Monuments of the ancient world
The Ellora are one of the largest rock-cut monastery-temple caves complexes in the world, and a UNESCO World Heritage Site in Maharashtra, India.
The Ellora Caves consists of 34 Hindu, Buddhist, and Jain temple caverns carved out from the basalt of the mountain in the Charanandri hills located 30 km fro 30 kms from Aurangabad or over 300 km from Mumbai or over 1200 km from Delhi.
Basalt is a very hard volcanic stone yet it has been carved with incredible precision and detail. The most remarkable of the cave temples is Kailasa complex (cave 16), and is dedicated to the Hindu god, lord Shiva.
Unlike other temples at the
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It looks like chaos, but there is order
The capital city of Maharashtra and formerly known as Bombay, Mumbai is India’s largest city with a population of over 18 million or even more depending on how one sees the city boundaries.
Mumbai is the financial, commercial and entertainment capital of India and home to the Bollywood film industry. Sometimes budget travellers are invited to be movie extras which is quite novel and pays a few rupees, but not enough to pay for accommodation.
For budget traveller, the Salvation Army Guest House located adjacent to the Taj Hotel is central and convenient to explore the down-town area while those more well heeled can stay in five star luxury at the Taj.
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A day trip from Mumbai
Shiva and Shakti
For anyone visiting Mumbai who has an interest in historic Indian culture and spiritualty, a trip across to Elephanta Island is an excellent day trip. But if you are to take in the fullness of what the island has to offer, an overnight stay may be worthwhile.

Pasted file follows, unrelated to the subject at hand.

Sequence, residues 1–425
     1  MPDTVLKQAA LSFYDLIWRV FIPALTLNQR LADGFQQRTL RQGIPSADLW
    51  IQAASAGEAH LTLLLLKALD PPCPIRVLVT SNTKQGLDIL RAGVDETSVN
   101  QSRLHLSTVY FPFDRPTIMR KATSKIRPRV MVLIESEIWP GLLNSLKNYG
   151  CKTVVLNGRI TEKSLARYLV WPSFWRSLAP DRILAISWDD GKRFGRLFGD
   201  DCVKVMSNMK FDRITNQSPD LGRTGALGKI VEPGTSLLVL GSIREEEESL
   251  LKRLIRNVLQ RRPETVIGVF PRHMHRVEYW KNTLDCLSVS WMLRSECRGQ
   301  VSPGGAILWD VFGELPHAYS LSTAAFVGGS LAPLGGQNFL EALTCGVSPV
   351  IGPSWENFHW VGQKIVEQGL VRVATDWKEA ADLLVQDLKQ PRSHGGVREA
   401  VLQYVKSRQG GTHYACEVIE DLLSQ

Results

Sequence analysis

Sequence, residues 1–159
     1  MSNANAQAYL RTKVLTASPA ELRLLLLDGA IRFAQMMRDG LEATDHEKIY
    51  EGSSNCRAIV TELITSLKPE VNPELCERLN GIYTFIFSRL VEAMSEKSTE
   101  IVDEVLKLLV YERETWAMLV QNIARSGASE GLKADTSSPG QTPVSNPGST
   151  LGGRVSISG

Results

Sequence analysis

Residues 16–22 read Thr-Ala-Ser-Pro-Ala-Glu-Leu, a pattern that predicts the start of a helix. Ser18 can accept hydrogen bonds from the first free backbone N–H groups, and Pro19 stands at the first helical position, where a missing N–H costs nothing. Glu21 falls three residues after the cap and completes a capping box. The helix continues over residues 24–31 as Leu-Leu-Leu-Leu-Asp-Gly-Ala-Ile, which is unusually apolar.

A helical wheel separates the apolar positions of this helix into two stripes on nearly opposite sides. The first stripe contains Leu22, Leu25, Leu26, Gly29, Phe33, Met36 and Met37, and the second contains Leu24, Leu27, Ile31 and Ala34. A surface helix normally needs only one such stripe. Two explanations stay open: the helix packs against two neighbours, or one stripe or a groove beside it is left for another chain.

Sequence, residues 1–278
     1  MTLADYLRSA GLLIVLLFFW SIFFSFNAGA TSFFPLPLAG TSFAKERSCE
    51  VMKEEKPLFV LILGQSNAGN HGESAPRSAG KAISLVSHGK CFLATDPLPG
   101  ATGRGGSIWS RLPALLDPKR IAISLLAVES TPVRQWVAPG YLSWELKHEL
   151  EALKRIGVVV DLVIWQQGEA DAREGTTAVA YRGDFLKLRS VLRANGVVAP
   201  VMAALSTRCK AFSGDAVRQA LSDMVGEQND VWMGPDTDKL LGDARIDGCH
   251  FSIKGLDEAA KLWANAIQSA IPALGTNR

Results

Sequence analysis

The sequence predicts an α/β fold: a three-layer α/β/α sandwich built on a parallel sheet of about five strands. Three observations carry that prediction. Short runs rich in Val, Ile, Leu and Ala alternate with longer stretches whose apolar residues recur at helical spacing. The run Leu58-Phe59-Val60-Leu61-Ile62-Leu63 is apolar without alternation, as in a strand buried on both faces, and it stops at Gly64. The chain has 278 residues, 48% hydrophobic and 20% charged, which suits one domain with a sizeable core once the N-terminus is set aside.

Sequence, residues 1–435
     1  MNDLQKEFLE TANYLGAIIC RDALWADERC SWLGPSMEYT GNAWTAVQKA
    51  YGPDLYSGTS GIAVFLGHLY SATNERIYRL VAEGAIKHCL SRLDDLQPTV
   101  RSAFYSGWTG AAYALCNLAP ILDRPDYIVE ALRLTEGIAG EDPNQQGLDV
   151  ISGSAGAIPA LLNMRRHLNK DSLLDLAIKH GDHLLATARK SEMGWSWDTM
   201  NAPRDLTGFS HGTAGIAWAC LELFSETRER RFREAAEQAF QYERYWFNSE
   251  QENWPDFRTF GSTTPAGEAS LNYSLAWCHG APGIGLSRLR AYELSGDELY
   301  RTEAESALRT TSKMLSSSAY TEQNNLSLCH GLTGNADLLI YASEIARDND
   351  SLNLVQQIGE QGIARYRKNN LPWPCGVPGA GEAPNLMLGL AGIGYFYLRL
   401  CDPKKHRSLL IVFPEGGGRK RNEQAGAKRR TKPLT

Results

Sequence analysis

There is a regular ferry service from the Mumbai waterfront (by the Gateway of India). The ferry takes about an hour, but there is sometimes a fast ferry that takes 20 minutes. Ensure you buy your tickets at the ticket office, or you’ll pay extra. Fees: Indian Rs 10; foreigner RS 250 and open 9am-5.30pm Tues-Sun.
Once on the island remember the monkeys
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A challenging day trip
Up on the Prabal plateau in the Western Ghats between Matheran and Panvel Prabalgad is Prabalgad fort and lookout tower. It’s also known as Kalavantin Durg or Kalavantin’s Fort, and it’s only 40 kms from Mumbai. On clear days it can be seen from the Mumbai-Pune Expressway.
The fort is thought to have been built around the time of Buddha; approximately 600 BC for a queen named Kalavantin whose story has been lost. The spire is 700 metres or 2,300 feet high with a vertical climb of about 400 metres or 1300 feet.
As part of their culture and heritage, the locals from Prabalmachhi Village dance on top of the fort during the Shimga Festival
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